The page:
Stephen Hunt (author)

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Stephen Hunt
Born 1966 (1966)
Occupation Writer, computer programmer, publisher
Nationality British
Period Napoleonic Wars
Genre Historical fantasy/Alternate history/Science Fiction/Fantasy
Subject Fantasy adventure set on a far-future Earth
Literary movement Flintlock fantasy

Stephen Hunt is a writer best known for a series of fantasy novels with steampunk elements known as the Jackelian series, whose central setting is a nation somewhat resembling Victorian England named the Kingdom of Jackals.

Influences on Hunt's work include Jack Williamson, Stephen Goldin, David Gemmell, Bruce Sterling, Larry Niven and Michael Moorcock.[1]

Publishing history[edit]

Hunt's short fiction has appeared in various mainly US and UK-based genre magazines, and some of his earliest works were written in the cyberpunk subgenre of science fiction. The best-known of these was the "Hollow Duellists", a short story which William Gibson was reported to admire as one of the leading works of the second-wave of cyberpunk fiction, and which later went on to win the 1992 ProtoStellar magazine prize for best short fiction story, a tie with British SF author Stephen Baxter.

Stephen Hunt became the first client of the then-newly established John Jarrold Literary Agency in 2005. Hunt's second novel, The Court of the Air, was the subject of an auction held by John Jarrold in late 2005 between the UK's main publishing houses. HarperCollins outbid their competitors to sign Hunt for a three-book deal, later extended to a six-book contract. The Bookseller magazine reported HarperCollins won the auction with a high six-figure sum.

Foreign-language and international editions of the novels of the Jackelian series have been sold to Tor Books (USA), Albin Michel (France), Verlagsgruppe Random House (Germany), Enterbrain Manga and Anime (Japan), Edições Saída de Emergência (Portugal and Brazil), Paidós (Spain), AST (Russia), and the Anhui Literature and Art Publishing House (China).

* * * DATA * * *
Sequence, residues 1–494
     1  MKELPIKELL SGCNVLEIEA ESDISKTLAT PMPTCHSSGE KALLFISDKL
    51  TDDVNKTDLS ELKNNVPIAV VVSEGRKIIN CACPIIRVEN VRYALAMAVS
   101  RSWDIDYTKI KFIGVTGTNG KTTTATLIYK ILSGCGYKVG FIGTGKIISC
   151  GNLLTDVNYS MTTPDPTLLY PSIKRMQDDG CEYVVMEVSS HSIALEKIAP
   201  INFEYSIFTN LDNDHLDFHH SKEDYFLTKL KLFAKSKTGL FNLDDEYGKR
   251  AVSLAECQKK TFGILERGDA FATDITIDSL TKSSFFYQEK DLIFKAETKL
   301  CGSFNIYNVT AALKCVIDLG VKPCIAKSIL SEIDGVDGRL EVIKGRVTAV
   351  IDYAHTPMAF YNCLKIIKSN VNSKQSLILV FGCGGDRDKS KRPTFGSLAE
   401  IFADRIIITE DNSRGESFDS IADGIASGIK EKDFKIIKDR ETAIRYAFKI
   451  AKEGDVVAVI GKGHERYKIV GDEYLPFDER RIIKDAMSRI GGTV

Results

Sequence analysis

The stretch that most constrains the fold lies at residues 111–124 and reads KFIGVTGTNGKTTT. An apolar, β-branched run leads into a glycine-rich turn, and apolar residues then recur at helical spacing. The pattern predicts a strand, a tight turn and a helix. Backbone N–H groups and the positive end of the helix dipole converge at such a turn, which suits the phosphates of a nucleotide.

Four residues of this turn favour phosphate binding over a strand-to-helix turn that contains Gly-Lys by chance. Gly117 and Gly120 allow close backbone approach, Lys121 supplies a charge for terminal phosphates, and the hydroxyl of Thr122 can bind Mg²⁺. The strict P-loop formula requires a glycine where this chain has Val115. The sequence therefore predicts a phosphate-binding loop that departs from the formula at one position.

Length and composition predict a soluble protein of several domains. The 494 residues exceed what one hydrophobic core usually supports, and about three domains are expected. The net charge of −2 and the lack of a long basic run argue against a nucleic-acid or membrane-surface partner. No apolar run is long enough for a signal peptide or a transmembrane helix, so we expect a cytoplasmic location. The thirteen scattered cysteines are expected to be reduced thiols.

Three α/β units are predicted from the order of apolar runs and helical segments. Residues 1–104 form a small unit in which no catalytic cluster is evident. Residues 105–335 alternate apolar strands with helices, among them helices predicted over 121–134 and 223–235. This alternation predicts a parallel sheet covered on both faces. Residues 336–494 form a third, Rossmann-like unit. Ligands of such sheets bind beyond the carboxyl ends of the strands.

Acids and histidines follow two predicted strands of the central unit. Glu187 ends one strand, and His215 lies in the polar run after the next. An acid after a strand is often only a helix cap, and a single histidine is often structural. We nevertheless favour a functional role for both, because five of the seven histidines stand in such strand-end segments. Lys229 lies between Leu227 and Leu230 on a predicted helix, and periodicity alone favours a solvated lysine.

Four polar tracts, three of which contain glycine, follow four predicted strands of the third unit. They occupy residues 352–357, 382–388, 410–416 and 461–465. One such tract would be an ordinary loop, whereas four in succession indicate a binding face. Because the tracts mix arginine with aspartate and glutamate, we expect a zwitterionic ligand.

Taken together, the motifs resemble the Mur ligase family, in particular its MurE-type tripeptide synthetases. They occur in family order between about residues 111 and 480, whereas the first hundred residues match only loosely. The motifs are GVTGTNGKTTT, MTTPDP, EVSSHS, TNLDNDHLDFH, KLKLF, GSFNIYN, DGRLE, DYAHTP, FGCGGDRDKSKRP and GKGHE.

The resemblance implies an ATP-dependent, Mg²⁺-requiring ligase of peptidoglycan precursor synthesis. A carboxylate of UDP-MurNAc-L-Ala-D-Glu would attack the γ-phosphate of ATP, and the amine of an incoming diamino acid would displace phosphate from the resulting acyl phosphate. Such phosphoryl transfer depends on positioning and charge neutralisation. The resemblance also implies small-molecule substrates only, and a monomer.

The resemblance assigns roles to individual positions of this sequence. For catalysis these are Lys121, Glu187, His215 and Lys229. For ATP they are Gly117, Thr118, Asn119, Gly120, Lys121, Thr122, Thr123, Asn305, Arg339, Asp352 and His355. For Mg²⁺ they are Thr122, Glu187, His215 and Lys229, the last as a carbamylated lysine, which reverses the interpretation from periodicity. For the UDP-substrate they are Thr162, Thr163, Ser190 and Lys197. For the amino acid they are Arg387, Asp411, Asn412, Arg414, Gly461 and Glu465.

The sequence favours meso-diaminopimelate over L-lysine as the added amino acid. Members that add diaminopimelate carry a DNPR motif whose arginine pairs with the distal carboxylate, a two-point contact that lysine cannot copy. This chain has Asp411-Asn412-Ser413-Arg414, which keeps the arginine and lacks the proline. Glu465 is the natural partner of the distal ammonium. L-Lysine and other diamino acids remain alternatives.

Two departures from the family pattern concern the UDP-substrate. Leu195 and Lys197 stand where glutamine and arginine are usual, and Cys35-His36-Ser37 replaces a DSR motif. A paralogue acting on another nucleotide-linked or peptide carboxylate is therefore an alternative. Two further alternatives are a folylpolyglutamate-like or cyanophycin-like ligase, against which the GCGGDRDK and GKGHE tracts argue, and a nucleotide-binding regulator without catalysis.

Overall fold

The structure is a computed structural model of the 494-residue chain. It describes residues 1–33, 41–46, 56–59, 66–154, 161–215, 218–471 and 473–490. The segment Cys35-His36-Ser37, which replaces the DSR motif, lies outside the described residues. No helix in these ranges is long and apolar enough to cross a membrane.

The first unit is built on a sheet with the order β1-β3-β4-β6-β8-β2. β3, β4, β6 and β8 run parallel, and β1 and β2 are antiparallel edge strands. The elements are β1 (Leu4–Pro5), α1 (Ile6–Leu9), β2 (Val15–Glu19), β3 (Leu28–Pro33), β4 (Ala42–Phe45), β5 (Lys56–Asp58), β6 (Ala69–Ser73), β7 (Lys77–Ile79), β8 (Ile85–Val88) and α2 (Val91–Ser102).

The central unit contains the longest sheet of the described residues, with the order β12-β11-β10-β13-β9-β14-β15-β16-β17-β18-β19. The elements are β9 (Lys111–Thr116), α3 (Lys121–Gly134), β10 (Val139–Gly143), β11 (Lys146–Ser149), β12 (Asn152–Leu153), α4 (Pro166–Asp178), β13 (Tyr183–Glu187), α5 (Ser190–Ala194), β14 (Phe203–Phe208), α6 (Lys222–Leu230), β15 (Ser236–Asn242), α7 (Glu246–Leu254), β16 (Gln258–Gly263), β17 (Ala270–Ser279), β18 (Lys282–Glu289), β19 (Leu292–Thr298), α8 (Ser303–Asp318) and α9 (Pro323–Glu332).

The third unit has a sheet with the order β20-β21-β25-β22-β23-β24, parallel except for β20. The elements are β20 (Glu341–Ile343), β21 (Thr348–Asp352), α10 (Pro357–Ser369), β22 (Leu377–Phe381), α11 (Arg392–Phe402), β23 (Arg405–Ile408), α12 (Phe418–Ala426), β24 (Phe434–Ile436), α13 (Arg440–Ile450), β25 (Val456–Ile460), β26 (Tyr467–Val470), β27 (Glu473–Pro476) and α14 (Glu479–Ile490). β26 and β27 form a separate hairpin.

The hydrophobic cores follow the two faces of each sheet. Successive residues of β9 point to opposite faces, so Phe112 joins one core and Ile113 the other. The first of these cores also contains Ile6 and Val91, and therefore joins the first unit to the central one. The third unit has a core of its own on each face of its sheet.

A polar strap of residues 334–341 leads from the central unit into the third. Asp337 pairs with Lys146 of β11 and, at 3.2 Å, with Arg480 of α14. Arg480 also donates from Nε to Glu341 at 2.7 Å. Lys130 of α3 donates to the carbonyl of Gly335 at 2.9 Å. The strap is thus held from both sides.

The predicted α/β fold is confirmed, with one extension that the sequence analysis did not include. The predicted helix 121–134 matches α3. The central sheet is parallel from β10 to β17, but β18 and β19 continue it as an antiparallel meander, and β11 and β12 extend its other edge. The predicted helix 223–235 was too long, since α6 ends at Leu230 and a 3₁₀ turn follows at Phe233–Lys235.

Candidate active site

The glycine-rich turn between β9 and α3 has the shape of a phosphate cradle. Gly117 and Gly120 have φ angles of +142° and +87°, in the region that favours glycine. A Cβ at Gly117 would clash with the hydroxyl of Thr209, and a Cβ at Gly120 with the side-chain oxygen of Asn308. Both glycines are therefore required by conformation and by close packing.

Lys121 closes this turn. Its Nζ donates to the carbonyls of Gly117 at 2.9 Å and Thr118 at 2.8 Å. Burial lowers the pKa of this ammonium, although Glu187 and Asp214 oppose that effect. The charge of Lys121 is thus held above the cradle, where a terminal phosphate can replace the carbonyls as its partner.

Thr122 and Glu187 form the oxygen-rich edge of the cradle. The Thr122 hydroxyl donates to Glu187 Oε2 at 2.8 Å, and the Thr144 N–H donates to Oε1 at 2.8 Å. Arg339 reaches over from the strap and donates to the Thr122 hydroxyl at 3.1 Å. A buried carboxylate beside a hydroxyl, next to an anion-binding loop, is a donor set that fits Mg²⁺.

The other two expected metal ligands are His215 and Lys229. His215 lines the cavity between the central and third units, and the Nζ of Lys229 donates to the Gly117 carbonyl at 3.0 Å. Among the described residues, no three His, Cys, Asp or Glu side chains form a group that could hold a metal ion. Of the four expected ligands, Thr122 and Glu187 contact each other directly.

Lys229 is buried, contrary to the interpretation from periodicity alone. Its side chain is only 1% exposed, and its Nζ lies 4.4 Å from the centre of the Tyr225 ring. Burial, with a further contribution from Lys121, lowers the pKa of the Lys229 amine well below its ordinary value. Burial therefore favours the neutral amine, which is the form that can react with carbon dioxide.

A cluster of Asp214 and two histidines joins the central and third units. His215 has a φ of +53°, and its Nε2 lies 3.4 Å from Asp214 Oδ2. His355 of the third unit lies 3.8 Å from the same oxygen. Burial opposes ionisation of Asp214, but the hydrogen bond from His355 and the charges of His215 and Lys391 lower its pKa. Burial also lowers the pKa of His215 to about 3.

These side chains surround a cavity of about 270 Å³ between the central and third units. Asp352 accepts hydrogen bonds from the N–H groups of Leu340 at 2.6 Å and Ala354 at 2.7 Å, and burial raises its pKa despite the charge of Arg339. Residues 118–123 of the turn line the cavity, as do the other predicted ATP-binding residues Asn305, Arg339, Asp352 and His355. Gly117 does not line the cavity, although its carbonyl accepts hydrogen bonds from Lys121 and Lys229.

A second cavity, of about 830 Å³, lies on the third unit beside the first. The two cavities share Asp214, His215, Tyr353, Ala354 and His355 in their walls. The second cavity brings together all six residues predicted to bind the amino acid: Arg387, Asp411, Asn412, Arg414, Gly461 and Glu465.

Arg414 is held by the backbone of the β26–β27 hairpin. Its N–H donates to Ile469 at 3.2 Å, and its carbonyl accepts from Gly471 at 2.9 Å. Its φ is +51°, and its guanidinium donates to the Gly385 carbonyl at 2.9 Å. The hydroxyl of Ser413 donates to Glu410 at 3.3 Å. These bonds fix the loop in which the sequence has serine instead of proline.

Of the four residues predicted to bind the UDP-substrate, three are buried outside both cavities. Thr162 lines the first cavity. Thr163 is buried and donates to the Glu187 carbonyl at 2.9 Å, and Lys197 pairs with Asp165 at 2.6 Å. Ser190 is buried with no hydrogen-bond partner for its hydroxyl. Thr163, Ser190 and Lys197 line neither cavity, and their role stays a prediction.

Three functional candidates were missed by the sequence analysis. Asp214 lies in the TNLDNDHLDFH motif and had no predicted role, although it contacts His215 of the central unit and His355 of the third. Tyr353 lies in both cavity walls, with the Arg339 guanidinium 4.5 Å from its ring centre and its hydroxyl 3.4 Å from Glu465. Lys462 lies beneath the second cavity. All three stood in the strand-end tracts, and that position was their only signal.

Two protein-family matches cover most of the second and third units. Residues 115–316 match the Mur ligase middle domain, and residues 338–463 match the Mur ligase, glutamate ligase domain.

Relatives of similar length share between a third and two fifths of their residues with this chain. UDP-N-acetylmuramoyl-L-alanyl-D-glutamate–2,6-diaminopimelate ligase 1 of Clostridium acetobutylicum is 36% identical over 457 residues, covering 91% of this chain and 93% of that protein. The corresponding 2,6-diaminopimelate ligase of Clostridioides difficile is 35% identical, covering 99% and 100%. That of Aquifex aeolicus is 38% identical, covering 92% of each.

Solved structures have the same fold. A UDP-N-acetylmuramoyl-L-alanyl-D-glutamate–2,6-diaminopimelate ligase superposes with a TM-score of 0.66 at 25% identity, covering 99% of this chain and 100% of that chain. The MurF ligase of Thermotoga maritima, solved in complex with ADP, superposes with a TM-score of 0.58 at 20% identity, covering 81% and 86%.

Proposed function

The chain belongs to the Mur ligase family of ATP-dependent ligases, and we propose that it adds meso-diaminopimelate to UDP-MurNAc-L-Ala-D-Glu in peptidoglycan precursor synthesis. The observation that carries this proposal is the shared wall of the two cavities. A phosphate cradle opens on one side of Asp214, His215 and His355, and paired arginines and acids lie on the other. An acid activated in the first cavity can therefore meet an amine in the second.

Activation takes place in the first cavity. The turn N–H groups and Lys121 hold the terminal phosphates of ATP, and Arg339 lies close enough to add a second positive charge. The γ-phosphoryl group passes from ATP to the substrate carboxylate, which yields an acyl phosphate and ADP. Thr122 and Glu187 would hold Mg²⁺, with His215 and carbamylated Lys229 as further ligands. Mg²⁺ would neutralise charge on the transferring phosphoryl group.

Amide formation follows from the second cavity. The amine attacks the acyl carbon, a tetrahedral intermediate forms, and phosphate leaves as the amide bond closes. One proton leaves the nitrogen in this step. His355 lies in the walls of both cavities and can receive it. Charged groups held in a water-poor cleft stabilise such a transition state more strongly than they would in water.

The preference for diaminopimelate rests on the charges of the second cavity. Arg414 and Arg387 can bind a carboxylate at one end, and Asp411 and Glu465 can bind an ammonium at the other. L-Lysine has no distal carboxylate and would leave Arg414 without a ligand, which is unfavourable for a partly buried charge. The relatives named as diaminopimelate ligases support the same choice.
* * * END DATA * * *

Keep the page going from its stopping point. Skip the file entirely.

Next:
His first fantasy novel, For the Crown and the Dragon, was published in 1994, and introduced a young officer, Taliesin, fighting for the Queen of England in a Napoleonic-period alternative reality, where the wars of Europe were being fought with sorcery and steampunk weapons (airships, clockwork machine guns, and steam-driven trucks called kettle-blacks). The book reviewer Andrew Darlington used Hunt's novel to coin the phrase "Flintlock Fantasy" to describe the subgenre of fantasy set in a Regency or Napoleonic-era period.[2]

Far-called series[edit]

The Far-called sequence is a new fantasy series from Stephen Hunt set on the world of Pellas. The first book in the series, In Dark Service was published by Gollancz, the science fiction and fantasy imprint of Hachette and Orion Publishing, on May 15, 2014. The second novel in the series, Foul Tide's Turning, was released on May 21, 2015.

The plot of In Dark Service concerns two central families, the Carnehans and Landors, whose children are kidnapped by slavers from the town of Northhaven in the Kingdom of Weyland. The town launches a rescue expedition to free the taken from captivity, but with little chances of success given the vast scale of the world of Pellas. The first novel focuses on both the adventures of the pursuing towns-people and the slaves' struggle to survive their harsh captivity. While little is revealed of the geophysics enabling a planet the size of Pellas to sustain habitable levels of gravity (aside from occasional references to anti-gravity stones), the geopolitical impacts of such a vast land, where inequitable access to resources causes incredible polarisation of technological progress, are explored through the narrative and the descriptions of a wide range of cultures.